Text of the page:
10

This is a solution that reorders elements. a = {1, 2, 1, 3, 1, 3, 4, 5}; b = {6, 1, 3, 1, 5}; CountingComplement[a_, b_] := Module[{ca, cb}, ca = Counts[a]; cb = Counts[b]; Do[ca[i] = Ramp[ca[i] - cb[i]], {i, Intersection[Keys[ca], Keys[cb]]}]; Join @@ ConstantArray @@@ Normal[ca] ] CountingComplement[a, b] {1, 2, 3, 4}


10

Select+ ContainsNone Select[Apply[ContainsNone]]@lis {{{a}, {b, c, d}}, {{b}, {d}}, {{a, b}, {c, d}}} Pick + ContainsNone: Pick[#, ContainsNone @@@ #] & @ lis {{{a}, {b, c, d}}, {{b}, {d}}, {{a, b}, {c, d}}} Cases + ContainsNone Cases[{a_, b_} /; ContainsNone[a, b]]@lis {{{a}, {b, c, d}}, {{b}, {d}}, {{a, b}, {c, d}}} DeleteCases + ContainsAny ...


9

What about Accumulate: Function[lst, {{lst[[1]]}}~Join~Rest[Accumulate[lst] /. Plus -> List]]@{a, b, c, d, e} Unfortunately it doesn't accept a custom function other than Plus and will not work for numerical list...


9

There is an adequate function: Complement, e.g.: Complement[{a, b, c, d, e}, {a, c, d}] {b, e} It works also with more sets, lists or with any heads, e.g.: Complement[{a, b, c, d, e}, {a}, {c, e}, {d}] {b}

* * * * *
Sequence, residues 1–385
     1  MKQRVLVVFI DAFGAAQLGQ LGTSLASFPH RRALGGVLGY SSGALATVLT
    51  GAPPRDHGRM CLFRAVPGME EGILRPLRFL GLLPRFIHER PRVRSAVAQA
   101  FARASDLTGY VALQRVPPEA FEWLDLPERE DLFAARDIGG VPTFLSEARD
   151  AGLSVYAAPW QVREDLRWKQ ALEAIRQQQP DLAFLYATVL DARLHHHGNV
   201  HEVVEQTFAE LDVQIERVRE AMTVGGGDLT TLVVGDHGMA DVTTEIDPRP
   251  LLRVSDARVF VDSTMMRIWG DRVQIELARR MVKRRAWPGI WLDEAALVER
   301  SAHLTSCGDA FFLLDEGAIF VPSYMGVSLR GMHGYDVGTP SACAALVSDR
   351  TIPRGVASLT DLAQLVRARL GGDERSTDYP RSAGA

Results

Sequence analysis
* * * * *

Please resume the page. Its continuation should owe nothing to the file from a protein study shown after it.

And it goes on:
9

If I'm not mistaken you can do this: (I will replace [EmptySet] with ES because I have troubles formatting it here) a = { ES, {ES}, {{ES}, ES}}; b = {#, {#, #2}} & @@@ Tuples[a, {2}]; % // Column {ES, {ES, ES}} {ES, {ES, {ES}}} {ES, {ES, {{ES}, ES}}} {{ES}, {{ES}, ES}} {{ES}, {{ES}, {ES}}} {{ES}, {{ES}, {{ES}, ES}}} {{{ES}, ES}, {{{ES}, ES}, ES}} {{{...


9

Okay, I'll go first. This is not an answer per se to the post, but more an invitation to write a fast sorting code for machine reals. That way we can get some sense of what might be feasible (showing timings of existing implementations would also be useful; I leave that for others). In Mathematica. Using Compile, of course. The point is to illustrate a few ...